Sohail Abbas retires

<img border='0' align='left' title=' ' src=' ' class='caption'> Pakistan's penalty corner expert and world's highest goal scorer Sohail Abbas today announced his retirement from the game.

Updated: February 25, 2007 10:04 IST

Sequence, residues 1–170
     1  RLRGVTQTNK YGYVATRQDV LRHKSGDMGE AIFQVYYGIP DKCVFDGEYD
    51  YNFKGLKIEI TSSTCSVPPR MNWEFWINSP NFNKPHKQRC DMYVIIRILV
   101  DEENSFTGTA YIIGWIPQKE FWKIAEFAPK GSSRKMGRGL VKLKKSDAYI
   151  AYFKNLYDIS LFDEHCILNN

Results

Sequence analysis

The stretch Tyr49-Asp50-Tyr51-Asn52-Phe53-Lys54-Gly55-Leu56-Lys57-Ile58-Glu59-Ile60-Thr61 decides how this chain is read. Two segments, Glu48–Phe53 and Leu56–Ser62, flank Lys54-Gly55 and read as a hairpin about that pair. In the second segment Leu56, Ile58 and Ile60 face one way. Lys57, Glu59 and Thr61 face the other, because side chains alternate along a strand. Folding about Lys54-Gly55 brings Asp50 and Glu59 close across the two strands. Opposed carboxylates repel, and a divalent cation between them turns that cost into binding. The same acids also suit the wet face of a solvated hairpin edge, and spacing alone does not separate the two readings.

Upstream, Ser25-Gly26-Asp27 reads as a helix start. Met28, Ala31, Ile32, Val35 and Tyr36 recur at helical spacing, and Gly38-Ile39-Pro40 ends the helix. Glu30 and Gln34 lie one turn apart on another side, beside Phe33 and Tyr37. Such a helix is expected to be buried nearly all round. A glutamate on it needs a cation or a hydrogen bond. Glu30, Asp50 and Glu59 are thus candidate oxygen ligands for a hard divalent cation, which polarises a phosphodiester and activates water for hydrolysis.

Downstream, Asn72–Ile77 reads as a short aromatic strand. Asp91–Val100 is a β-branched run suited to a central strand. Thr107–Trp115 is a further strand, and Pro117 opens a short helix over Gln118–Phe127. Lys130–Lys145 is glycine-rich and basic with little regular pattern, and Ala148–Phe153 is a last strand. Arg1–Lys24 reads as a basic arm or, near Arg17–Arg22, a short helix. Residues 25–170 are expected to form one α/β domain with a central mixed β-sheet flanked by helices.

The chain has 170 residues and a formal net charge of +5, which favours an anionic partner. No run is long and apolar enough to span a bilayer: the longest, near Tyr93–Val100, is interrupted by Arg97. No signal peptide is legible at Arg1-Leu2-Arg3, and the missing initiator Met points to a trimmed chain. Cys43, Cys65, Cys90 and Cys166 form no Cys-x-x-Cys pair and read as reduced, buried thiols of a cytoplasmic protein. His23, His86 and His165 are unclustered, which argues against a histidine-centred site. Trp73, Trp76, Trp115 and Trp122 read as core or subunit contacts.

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Pakistan's penalty corner expert and world's highest goal scorer Sohail Abbas today announced his retirement from international hockey, pulling the curtains down on an illustrious career that started in 1998 with a match against India. Sohail, who scored 274 goals in the 224 matches he played, decided to call it a day after Pakistan beat India 3-2 to win the bronze medal in the Champions Trophy here. Waseem retires Also announcing retirement was Sohail's skipper Waseem Ahmed who was named the man-of-the-match in today's outing at the National Stadium. The double blow is surely going to his Pakistan hockey hard as the duo were arguably the most talented in the current line up, having been picked in a World XI to play against Holland in 1999 as a part of the FIH's 75th anniversary celebrations. While Sohail was looking forward to start a "new chapter" of his life - he is getting married - Waseem is likely to continue playing in the European league. "I have played a lot of hockey and now I want to take some rest. I would have loved to announce my retirement after seeing Pakistan take the gold medal before the home crowd. But anyway, the bronze medal finish is not bad," the 28-year-old Sohail said. "I had already decided to quit before coming to Champions Trophy. So the third place finish is certainly not the reason for my quitting the game," he added. Record holder Sohail, who scored a double hat-trick besides 21 hat-tricks during his career, holds the distinction of scoring highest number of goals in international hockey and the Champions Trophy as well. The player eclipsed Dutchman Paul Litjens' record of 267 goals during the eight-match Test series against India recently. He set the Champions Trophy record during the current tournament when he scored the winner against India in the league stage. "I am starting a new chapter in my life after two weeks so I need time for that also," he said. Waseem, who was recently appointed captain before the Test series against India, said he was vacating his slot for young players but that he would continue playing in the European league. "I have been playing for 13 years now. I think the time has come to say good bye to the game. I need some mental and physical rest," the diminutive mid-fielder told reporters here. "We have some very promising players coming up and keeping an eye on the future, we need to have a young side," said the veteran of over 250 internationals. He also said he would not mind coming back to the fold for the 2006 World Cup if the team needed him. "I may consider if they need me. But I know that's not happen since the young players in the side are doing a great job," he said. Dreams remain Abbas said he achieved a lot during his six-year international career, but his only regret was that he could not help his side win an Olympic title. "This is my biggest regret. My team could not win a gold medal in the Olympics during my playing days. But when I had started my career, playing for Pakistan was my biggest thing," the ace drag-flicker said. Abbas said it was just a co-incidence that he called his day after playing against India, the team against whom he had started his career, scored his world record goal and also made the Champions Trophy record. "It was never in my mind. May be I achieved all my records against them since my parents, people of the country and my well-wishers wanted me to do well against India." Pakistan coach Reolant Oltmans said Abbas was under a lot of pressure since his countrymen always wanted him to deliver whenever he got into the field. "Perssure on him was enormous. Even if he failed once to convert penalty corners, he would be blamed by the entire country. If you treat your players like that, imagine under how much pressure he would be in," Oltmans said. (PTI)

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